We’re closing in on the end of 2021, and it’s a time when many people consider making year-end gifts to charities and family members. When you transfer cash or other assets to someone else, it may be subject to the federal gift tax if the value exceeds the annual gift tax exclusion. Gift tax rates range from 18% to 40% depending on the size of the gift, so it’s a good idea to be aware of the rules so you don’t inadvertently trigger the tax.
Gift Tax Exclusion Amounts
In 2021, the annual gift tax exclusion amount is $15,000, and increases to $16,000 in 2022. That means that in 2021 you can gift up to $15,000 to multiple people without incurring the tax. For instance, if you have two children and four grandchildren, you could give away $90,000 in 2021 and as long as anyone person doesn’t receive more than $15,000, there’s no tax impact.
In addition, each spouse has their own gift tax exclusion, so using that same example, a married couple could give away $180,000. This strategy is known as “gift splitting” (see more information later in this article). These gifts not only make family members happy but can also reduce the size of the couple’s taxable estate . . . which brings us to estate tax rules.
Estate Tax Thresholds
The “unified federal estate and gift tax exemption” is the total amount you can give over your lifetime without incurring gift tax (though the annual limits still apply). This amount, like the gift tax exclusion, is adjusted for inflation:
In 2021, estates up to $11.7 million ($23.4 million for married couples) can transfer to heirs without being subject to estate tax. In 2022, these numbers increase to $12.06 million for individuals and $24.12 million for married couples.
Note – in 2026, the unified exemption is set to fall to $6 million/$12 million for married couples unless Congress acts before that to increase these amounts.
Coordination Between Gift Tax and Estate Tax
If you give your child $50,000 this year (as an individual), $35,000 of that gift exceeds your $15,000 annual gift tax exclusion. This means you’ll need to file a gift tax return, but you won’t incur a gift tax, because the excess amount will spill over into your lifetime exclusion amount. Any gifts you give to one person that exceed the annual gift tax exclusion chip away at your lifetime exclusion amount.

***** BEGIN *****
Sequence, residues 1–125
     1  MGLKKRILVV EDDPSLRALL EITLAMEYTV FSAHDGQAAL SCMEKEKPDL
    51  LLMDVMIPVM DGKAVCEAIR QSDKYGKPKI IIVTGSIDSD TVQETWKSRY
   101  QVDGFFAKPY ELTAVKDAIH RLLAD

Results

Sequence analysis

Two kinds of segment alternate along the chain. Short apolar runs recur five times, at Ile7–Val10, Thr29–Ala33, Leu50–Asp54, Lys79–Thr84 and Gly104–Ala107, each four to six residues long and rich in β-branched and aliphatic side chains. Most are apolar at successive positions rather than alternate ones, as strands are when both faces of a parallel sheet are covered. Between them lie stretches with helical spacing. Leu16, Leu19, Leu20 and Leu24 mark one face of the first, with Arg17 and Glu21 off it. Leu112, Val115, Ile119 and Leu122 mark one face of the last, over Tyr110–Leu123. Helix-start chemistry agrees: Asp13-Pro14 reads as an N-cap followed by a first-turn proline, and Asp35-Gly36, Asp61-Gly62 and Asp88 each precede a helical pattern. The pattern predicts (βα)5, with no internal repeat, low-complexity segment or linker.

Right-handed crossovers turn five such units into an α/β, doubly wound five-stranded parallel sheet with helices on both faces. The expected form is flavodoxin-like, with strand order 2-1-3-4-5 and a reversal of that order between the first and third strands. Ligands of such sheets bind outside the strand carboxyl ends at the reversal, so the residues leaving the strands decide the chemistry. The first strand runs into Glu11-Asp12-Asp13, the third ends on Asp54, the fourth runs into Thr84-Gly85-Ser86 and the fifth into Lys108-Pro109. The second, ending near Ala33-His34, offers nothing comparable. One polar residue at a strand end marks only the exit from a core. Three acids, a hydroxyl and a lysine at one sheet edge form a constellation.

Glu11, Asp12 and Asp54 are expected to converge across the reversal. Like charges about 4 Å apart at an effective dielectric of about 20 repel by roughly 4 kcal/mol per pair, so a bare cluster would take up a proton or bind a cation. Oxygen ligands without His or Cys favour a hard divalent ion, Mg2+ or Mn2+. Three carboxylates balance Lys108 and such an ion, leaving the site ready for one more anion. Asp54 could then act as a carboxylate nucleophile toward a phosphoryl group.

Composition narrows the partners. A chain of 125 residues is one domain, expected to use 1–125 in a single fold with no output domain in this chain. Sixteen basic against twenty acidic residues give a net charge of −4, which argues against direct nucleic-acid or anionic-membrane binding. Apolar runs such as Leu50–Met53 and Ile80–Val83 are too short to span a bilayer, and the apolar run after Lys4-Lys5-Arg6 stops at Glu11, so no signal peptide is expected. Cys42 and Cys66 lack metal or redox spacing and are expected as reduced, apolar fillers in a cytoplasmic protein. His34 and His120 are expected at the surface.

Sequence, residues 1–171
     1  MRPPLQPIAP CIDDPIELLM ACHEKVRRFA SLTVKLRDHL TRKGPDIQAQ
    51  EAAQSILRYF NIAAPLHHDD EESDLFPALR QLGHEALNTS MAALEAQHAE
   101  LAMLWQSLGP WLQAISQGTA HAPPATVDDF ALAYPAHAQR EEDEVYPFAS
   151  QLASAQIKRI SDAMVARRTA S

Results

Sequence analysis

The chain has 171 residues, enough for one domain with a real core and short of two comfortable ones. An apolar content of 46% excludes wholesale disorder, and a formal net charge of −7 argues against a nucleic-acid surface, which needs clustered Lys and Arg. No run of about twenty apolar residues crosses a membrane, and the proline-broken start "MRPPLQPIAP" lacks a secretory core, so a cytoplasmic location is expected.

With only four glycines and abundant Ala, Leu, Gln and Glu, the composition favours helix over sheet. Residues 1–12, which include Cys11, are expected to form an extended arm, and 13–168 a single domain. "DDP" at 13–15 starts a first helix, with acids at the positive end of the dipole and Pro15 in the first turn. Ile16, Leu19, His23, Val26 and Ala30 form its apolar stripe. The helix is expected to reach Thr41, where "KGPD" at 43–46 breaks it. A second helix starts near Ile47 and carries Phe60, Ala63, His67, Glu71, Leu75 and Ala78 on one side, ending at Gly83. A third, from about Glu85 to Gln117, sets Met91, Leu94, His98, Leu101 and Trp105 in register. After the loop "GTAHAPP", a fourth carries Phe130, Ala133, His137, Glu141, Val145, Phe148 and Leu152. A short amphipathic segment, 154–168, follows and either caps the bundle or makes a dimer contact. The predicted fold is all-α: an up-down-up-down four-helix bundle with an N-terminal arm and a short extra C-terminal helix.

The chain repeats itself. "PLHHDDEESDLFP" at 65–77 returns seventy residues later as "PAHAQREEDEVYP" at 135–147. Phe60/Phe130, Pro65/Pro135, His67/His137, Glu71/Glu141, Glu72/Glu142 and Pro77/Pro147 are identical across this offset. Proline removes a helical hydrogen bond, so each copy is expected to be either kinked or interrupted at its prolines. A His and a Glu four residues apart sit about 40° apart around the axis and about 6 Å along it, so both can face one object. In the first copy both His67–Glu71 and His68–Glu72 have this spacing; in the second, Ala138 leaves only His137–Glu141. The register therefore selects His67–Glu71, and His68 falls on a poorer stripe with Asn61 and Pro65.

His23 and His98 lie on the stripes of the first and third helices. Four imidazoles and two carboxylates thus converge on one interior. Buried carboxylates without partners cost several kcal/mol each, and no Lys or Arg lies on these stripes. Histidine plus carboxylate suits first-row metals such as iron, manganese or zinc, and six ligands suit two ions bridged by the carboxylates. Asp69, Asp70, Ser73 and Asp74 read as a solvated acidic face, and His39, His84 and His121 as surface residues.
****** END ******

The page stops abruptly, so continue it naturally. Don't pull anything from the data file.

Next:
Should You File a Gift Tax Return?
If your gifts are less than the annual limit, you’re not required to file a gift tax return. However, if you and your spouse elect gift splitting, both spouses must file their own individual gift tax return unless one of the following two exceptions applies:
- Only one spouse made any gifts during the calendar year, those gifts did not exceed $30,000 to anyone recipient, and all gifts were of present interests
- Only one spouse made gifts of more than $15,000 but not more than $30,000 to any recipient, the only gifts made by the other spouse were not more than $15,000 and made to recipients other than those to whom the first spouse made gifts, and all gifts made by both spouses were of present interests.
In those situations, only one spouse (the “donor spouse”) must file a gift tax return and the other spouse (the “consenting spouse”) would signify consent on that return.
Other Tax-Free Gifts
Here are some items generally not subject to gift tax:
- An unlimited amount can be gifted between spouses as long as they’re both US citizens. If one spouse is not a citizen, tax-free gifts are limited to $159,000 in 2021 and $164,000 in 2022
- Contributions to a political organization
- Medical and educational expenses paid directly to the appropriate institution. Be aware that if you make contributions to a 529 plan for college expenses over the annual gift tax amount, you will need to file a gift tax return to report that excess.
- Charitable donations made to a qualified nonprofit organization
More information is available in the instructions for IRS Form 709.